Unless you’ve received multiple purchase offers, the best response is to counter the low offer with a price and terms you’re willing to accept. Some buyers make a low offer because they think that’s customary. They’re afraid they’ll overpay or they want to test your limits. 

A counteroffer signals that you’re willing to negotiate. One strategy for your counteroffer is to lower your price but remove any concessions such as seller assistance with closing costs or features such as kitchen appliances that you’d like to take with you.

Consider the Terms

Price is paramount for most buyers and sellers, but it’s not the only deal point. A low purchase offer might make sense if the contingencies are reasonable, the closing date meets your needs and the buyer is preapproved for a mortgage. Consider what terms you might change in a counteroffer to make the deal work.

Review Your Comps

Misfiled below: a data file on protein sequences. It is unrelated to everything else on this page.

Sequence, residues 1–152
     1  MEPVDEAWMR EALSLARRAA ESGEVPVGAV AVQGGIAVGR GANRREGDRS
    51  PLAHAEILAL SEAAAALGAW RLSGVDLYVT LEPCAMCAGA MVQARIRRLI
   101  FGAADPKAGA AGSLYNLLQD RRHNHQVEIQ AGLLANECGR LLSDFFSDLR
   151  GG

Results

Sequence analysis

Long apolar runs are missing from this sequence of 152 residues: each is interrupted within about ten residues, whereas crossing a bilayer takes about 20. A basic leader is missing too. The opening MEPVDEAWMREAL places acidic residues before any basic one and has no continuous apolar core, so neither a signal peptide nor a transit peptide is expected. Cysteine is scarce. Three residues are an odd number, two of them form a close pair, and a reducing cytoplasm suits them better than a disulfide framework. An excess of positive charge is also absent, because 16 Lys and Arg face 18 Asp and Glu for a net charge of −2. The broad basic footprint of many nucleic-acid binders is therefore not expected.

Ask your real estate agent whether any homes that are comparable to yours (known as “comps”) have been sold or put on the market since your home was listed for sale. If those new comps are at lower prices, you might have to lower your price to match them if you want to sell.

Consider the Buyer’s Comps

Buyers sometimes attach comps to a low offer to try to convince the seller to accept a lower purchase offer. Take a look at those comps. Are the homes similar to yours? If so, your asking price might be unrealistic. If not, you might want to include in your counteroffer information about those homes and your own comps that justify your asking price.

If the buyers don’t include comps to justify their low purchase offer, have your real estate agent ask the buyers’ agent for those comps.

Get the Agents Together

If the purchase offer is too low to counter, but you don’t have a better option, ask your real estate agent to call the buyer’s agent and try to narrow the price gap so that a counteroffer would make sense. Also, ask your agent whether the buyer (or buyer’s agent) has a reputation for lowball purchase offers. If that’s the case, you might feel freer to reject the offer.

Don’t Signal Desperation

Buyers are sensitive to signs that a seller may be receptive to a low purchase offer. If your home is vacant or your home’s listing describes you as a “motivated” seller, you’re signaling you’re open to a low offer.